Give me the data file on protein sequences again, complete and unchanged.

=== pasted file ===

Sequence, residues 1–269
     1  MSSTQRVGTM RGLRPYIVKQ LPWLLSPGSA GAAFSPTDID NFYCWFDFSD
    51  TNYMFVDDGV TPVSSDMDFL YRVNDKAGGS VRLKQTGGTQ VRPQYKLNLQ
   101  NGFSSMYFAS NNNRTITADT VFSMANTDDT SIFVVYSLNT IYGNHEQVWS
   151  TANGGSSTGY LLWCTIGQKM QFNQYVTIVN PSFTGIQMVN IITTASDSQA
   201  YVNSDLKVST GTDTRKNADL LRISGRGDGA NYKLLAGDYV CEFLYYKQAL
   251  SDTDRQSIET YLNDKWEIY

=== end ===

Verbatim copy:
Sequence, residues 1–269
     1  MSSTQRVGTM RGLRPYIVKQ LPWLLSPGSA GAAFSPTDID NFYCWFDFSD
    51  TNYMFVDDGV TPVSSDMDFL YRVNDKAGGS VRLKQTGGTQ VRPQYKLNLQ
   101  NGFSSMYFAS NNNRTITADT VFSMANTDDT SIFVVYSLNT IYGNHEQVWS
   151  TANGGSSTGY LLWCTIGQKM QFNQYVTIVN PSFTGIQMVN IITTASDSQA
   201  YVNSDLKVST GTDTRKNADL LRISGRGDGA NYKLLAGDYV CEFLYYKQAL
   251  SDTDRQSIET YLNDKWEIY